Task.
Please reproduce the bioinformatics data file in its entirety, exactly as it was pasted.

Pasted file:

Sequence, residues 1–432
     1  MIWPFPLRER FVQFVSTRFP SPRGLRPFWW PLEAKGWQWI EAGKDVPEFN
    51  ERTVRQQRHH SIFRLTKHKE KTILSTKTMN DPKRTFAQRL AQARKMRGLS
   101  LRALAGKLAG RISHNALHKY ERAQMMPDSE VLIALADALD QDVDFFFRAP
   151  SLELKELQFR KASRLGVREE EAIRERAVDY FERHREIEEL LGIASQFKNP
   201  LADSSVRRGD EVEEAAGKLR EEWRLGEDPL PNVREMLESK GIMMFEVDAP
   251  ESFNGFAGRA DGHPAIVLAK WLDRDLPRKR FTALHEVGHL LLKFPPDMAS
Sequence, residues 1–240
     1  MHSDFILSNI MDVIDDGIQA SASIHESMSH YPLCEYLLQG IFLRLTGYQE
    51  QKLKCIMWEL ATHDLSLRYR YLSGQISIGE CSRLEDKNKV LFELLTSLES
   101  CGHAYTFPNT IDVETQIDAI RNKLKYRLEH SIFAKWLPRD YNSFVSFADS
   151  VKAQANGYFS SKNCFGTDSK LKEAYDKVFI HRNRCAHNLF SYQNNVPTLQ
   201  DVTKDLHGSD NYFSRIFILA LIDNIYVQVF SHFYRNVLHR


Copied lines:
Sequence, residues 1–432
     1  MIWPFPLRER FVQFVSTRFP SPRGLRPFWW PLEAKGWQWI EAGKDVPEFN
    51  ERTVRQQRHH SIFRLTKHKE KTILSTKTMN DPKRTFAQRL AQARKMRGLS
   101  LRALAGKLAG RISHNALHKY ERAQMMPDSE VLIALADALD QDVDFFFRAP
   151  SLELKELQFR KASRLGVREE EAIRERAVDY FERHREIEEL LGIASQFKNP
   201  LADSSVRRGD EVEEAAGKLR EEWRLGEDPL PNVREMLESK GIMMFEVDAP
   251  ESFNGFAGRA DGHPAIVLAK WLDRDLPRKR FTALHEVGHL LLKFPPDMAS
Sequence, residues 1–240
     1  MHSDFILSNI MDVIDDGIQA SASIHESMSH YPLCEYLLQG IFLRLTGYQE
    51  QKLKCIMWEL ATHDLSLRYR YLSGQISIGE CSRLEDKNKV LFELLTSLES
   101  CGHAYTFPNT IDVETQIDAI RNKLKYRLEH SIFAKWLPRD YNSFVSFADS
   151  VKAQANGYFS SKNCFGTDSK LKEAYDKVFI HRNRCAHNLF SYQNNVPTLQ
   201  DVTKDLHGSD NYFSRIFILA LIDNIYVQVF SHFYRNVLHR